It’s hard to believe that this is the last blog post of 2016! What a wild and wonderful year it has been. My first management experience on a market Sunday resulted in the first ever time closing early. I think Chef Jay and I had rain every Sunday we were under the market tent, but we still saw many smiling faces, braving the rain and the elements to help support our local farmers and artisans. It’s really a great thing we’ve got going on here in Bridgeport!
Now that we are nearing the Solstice and the market has moved indoors, we don’t have to worry about the elements. But, our farmers still have to brave the cold and snow or rain to keep the animals fed and the winter crops protected from the elements. Even though the days are short and the nights long, some vegetables thrive. Greens such as mustards, tatsoi, kale, and other Asian greens love the chilly weather. Lettuce develops a sweetness that is unmatched by any summer lettuce you can find.
Besides not finding tomatoes and watermelon at the winter markets, another thing that might be in short supply is eggs. There is a common misconception that the cold is what slows down a hens egg laying over the winter. But, in fact, it is the daylight length that triggers a hen to lay an egg. Chickens need 14-16 hours of light a day to lay an egg. Some farmers and backyard chicken owners artificially light their coops in the winter to keep their hens laying through the winter. There are some that don’t, however, and I am one of them. Hens go through a process called molting in the late fall and early winter, where they essentially shed their feathers and get a fresh set for the upcoming year. This process takes a lot of the hens energy and most, if not all, don’t lay during a molt. Allowing the hens some time off over the winter allows them to molt and rest. Also, chickens tend to fare better in cold weather than hot weather. So, cherish those farm fresh eggs if you can get them!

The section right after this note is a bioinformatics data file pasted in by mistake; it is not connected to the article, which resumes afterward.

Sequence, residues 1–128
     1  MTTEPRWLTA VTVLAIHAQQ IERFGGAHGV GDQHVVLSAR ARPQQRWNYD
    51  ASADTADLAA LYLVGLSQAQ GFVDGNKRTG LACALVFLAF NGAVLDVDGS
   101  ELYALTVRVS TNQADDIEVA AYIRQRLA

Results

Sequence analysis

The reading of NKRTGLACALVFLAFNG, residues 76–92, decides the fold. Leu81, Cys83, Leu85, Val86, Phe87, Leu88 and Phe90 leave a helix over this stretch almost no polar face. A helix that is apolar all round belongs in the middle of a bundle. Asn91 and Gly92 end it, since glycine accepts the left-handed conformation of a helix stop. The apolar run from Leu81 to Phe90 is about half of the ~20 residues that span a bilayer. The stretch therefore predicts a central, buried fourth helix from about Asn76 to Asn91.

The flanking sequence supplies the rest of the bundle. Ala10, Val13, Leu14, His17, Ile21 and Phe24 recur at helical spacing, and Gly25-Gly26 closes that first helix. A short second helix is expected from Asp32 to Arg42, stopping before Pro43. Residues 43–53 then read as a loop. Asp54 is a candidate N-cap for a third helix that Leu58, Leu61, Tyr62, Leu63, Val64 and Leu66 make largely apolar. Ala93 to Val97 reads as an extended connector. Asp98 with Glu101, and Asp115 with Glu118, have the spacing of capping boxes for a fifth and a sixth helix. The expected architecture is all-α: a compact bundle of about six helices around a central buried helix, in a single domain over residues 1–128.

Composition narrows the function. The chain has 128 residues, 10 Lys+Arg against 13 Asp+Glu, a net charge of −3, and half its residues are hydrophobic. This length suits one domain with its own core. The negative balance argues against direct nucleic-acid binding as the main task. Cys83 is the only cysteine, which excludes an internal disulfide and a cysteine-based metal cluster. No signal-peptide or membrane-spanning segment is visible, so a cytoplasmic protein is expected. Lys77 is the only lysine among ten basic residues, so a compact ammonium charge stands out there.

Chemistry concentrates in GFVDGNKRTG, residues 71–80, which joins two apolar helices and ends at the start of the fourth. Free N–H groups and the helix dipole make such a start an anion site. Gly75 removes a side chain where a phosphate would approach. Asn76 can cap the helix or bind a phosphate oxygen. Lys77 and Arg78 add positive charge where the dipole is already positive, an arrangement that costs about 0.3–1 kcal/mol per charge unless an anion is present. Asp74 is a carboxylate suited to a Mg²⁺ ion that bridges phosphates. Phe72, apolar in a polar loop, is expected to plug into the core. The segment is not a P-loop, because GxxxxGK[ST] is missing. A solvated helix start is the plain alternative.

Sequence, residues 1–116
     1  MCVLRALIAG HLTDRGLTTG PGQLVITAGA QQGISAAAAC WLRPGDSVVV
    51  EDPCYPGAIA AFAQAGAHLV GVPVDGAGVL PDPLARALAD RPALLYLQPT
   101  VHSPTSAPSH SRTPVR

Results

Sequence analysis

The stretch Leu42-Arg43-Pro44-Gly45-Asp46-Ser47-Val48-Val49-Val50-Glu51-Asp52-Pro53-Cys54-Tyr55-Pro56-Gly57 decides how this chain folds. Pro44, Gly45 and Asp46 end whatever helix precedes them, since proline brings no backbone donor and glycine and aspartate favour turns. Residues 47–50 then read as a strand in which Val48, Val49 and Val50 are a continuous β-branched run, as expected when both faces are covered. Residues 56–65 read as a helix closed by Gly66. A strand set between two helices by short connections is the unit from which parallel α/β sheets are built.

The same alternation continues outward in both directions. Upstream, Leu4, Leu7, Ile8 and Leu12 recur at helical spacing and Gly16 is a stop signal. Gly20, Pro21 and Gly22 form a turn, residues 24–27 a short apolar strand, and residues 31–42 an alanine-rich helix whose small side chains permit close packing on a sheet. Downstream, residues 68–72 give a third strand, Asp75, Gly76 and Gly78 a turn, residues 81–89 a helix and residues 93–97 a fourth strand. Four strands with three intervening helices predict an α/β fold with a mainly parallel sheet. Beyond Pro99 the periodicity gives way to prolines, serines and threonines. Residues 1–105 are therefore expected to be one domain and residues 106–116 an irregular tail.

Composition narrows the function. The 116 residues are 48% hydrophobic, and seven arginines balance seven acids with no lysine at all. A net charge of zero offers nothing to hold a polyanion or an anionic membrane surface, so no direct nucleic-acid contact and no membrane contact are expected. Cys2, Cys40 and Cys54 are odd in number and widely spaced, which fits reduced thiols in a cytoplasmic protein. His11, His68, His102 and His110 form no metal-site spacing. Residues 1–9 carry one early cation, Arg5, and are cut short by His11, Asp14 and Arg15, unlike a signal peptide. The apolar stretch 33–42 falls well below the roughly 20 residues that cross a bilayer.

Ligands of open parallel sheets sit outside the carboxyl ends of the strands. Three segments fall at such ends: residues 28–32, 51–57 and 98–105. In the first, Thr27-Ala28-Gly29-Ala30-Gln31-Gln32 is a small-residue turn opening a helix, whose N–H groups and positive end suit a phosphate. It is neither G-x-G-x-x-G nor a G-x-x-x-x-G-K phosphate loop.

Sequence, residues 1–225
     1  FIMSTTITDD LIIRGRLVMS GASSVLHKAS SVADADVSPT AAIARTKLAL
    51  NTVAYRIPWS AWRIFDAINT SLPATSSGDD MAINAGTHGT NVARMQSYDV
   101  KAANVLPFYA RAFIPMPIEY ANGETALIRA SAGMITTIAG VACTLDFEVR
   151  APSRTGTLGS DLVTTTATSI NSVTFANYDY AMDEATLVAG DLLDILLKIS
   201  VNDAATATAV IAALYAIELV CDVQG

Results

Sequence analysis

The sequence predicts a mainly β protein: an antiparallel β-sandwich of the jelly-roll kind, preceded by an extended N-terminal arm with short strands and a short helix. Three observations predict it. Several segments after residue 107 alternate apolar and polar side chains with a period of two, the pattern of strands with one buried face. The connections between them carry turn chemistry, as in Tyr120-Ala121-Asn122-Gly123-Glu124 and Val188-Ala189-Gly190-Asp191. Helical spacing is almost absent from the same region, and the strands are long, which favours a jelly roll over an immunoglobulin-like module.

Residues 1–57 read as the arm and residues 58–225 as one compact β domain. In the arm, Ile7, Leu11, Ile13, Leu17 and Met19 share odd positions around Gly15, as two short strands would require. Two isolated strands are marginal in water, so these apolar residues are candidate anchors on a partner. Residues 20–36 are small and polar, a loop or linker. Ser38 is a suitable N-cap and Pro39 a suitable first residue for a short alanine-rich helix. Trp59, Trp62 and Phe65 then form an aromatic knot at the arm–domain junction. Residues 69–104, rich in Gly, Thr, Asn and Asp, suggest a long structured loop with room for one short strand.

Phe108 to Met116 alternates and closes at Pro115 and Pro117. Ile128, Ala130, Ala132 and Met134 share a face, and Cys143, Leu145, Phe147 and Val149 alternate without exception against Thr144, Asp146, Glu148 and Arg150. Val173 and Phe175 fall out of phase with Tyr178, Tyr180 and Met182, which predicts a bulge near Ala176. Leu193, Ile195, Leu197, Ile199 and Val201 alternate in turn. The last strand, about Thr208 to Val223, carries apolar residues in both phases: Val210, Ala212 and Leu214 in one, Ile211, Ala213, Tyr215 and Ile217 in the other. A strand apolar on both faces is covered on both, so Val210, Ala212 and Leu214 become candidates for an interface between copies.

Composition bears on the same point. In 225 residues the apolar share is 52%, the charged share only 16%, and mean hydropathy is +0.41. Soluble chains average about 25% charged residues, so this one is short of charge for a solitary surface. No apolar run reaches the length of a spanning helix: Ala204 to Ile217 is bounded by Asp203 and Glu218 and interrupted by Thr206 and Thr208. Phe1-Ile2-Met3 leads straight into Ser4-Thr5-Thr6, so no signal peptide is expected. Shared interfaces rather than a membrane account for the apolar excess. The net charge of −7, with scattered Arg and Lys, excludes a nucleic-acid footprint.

Our farmers AND artisans have been busy gearing up for this Sunday’s Ugly Sweater Market. This is *the* market to shop local for your holiday cooking and gift giving needs. Stop by In A Jam to sign up for a jam of the month club. Or maybe soap is more your style. House on the Hill Soap Co is also offering a soap of the month club. Bonds Creek Farm will be there with a selection of JQ Dickinson Salt Works gifts for the salt lover in your life. The girls over at Dirty Hippie Creations have been working hard this week to bring you the best in holiday candle scents, many poured in festive jars and mugs. Jughead Pottery will be bringing along some great West Virginia mugs for the coffee and tea lovers in your life. Pair the mug up with some coffee from Quantum Bean Coffee and you have a dynamite gift. There are plenty of gifts available to please even the most discerning aunt or uncle on your list. So, be sure to pull out your ugliest sweater and come shop local for holidays this Sunday!
And from all of us at the Bridgeport Farmers Market, we’d like to wish you and yours a very Merry Christmas and a Happy New Year!